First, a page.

Peer Effects in UK Adolescent Substance Use: Never Mind the Classmates?
AbstractThis paper estimates peer influences on the alcohol, tobacco and cannabis use of a school based sample of UK 15 year olds. We present evidence of large, positive and statistically significant peer effects in all three behaviours when classmates are taken as the reference group. When friends are taken as the reference group, using self-reports of perceived friends’ substance use, we also find large, positive and statistically significant associations with own substance use. When both reference groups are considered simultaneously, the influence of classmates on own behaviour either disappears or is much reduced in magnitude, whereas the association between own and friends’ behaviours doesn’t change. The suggestion is that classmate behaviour is primarily relevant only inasmuch as it proxies for friends’ behaviour, with classmates that are not also friends having relatively little influence on adolescent substance use.
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Bibliographic InfoPaper provided by Melbourne Institute of Applied Economic and Social Research, The University of Melbourne in its series Melbourne Institute Working Paper Series with number wp2012n08.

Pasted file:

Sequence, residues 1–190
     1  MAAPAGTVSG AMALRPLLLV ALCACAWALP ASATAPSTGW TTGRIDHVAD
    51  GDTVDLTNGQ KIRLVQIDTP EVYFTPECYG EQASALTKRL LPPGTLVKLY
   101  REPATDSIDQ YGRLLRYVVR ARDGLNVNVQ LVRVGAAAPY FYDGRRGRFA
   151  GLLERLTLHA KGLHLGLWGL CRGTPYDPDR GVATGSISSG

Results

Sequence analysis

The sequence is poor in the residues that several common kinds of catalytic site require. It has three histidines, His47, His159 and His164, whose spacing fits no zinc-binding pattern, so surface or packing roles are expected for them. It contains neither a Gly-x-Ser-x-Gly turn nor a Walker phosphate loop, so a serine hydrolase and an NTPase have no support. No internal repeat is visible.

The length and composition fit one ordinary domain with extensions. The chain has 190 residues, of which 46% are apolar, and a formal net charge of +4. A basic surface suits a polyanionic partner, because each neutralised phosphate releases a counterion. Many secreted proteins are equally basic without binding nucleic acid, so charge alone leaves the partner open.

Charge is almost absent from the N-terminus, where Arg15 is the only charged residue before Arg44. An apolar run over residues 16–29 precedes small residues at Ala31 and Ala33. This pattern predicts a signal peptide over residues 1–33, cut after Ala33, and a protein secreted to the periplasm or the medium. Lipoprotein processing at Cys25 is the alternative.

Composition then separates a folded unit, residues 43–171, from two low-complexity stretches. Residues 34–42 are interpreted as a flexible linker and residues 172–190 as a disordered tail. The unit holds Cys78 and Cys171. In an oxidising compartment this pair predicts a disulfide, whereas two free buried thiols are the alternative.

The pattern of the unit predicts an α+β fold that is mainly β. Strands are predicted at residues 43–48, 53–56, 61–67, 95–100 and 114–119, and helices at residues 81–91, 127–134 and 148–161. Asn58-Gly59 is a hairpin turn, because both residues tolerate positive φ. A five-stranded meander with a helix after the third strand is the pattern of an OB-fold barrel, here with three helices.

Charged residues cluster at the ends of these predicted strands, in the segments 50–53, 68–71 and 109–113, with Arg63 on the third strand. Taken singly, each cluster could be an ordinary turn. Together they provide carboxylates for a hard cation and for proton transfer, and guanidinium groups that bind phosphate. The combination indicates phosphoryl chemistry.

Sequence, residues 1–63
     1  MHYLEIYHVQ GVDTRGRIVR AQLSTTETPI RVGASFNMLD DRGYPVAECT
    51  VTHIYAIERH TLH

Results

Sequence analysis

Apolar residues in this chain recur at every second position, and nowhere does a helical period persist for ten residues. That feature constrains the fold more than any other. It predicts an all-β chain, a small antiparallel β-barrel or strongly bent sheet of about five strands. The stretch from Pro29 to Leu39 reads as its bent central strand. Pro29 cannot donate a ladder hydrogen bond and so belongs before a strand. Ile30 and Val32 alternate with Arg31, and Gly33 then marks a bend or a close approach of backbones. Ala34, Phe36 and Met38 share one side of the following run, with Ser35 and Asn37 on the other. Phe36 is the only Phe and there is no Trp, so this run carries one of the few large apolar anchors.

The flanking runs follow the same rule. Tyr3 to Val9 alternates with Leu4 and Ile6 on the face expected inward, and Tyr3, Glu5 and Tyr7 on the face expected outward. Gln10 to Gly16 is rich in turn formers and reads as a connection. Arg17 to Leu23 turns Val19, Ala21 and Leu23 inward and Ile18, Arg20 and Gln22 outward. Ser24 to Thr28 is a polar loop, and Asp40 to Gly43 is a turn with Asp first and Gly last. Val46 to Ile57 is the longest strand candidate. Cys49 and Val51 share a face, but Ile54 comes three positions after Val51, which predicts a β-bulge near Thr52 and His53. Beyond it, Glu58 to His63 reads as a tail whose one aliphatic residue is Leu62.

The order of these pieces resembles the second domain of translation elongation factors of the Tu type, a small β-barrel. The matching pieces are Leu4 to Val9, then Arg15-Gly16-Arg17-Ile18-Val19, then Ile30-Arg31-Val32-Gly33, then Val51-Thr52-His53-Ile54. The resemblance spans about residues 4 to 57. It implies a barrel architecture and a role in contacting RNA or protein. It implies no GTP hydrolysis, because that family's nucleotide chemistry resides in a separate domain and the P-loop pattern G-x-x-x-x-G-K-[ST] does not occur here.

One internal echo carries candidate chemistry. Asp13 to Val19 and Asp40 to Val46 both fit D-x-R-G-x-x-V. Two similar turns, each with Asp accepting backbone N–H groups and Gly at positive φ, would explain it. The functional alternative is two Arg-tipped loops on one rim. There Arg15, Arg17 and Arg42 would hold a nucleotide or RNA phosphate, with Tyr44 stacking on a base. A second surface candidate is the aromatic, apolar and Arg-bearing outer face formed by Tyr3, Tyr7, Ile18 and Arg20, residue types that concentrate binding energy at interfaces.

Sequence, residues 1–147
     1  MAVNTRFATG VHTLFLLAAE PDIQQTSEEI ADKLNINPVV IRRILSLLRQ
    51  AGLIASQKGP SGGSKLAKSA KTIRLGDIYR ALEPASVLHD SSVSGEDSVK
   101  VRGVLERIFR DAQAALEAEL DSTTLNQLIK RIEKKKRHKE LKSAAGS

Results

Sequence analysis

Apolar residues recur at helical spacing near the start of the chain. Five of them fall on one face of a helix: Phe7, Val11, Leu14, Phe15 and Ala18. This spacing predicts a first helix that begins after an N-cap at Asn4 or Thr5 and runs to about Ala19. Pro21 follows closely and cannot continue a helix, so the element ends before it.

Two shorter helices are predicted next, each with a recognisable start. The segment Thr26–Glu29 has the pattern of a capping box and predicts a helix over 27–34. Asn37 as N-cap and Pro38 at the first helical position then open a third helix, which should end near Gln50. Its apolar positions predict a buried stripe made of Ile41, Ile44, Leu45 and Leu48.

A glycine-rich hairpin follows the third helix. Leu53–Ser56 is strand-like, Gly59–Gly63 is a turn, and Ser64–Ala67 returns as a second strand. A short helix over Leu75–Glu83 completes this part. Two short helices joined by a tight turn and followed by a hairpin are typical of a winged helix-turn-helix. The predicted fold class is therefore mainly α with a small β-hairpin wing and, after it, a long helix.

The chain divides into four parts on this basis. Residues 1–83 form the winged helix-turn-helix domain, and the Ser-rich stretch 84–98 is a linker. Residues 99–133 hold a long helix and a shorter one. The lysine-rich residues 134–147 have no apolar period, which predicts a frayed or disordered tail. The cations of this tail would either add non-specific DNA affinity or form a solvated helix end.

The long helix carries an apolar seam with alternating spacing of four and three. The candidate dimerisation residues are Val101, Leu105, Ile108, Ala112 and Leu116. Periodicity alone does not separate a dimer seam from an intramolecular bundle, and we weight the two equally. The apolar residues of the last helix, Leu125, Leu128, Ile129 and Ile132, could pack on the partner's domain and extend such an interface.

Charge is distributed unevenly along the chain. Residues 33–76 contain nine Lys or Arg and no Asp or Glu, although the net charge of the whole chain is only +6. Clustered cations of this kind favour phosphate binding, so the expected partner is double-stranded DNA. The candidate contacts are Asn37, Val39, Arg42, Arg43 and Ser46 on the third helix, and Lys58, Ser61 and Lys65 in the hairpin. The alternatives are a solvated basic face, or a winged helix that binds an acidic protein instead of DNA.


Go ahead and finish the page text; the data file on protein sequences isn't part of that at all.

Length: 25 pages
Date of creation: Mar 2012
Date of revision:
Contact details of provider:
Postal: Melbourne Institute of Applied Economic and Social Research, The University of Melbourne, Victoria 3010 Australia
Phone: +61 3 8344 2100
Fax: +61 3 8344 2111
Web page: http://www.melbourneinstitute.com/
More information through EDIRC
Peer effects; reference groups; smoking; alcohol; cannabis; adolescents; friends;
Find related papers by JEL classification:
- I12 - Health, Education, and Welfare - - Health - - - Health Production
- Z13 - Other Special Topics - - Cultural Economics - - - Economic Sociology; Economic Anthropology; Social and Economic Stratification
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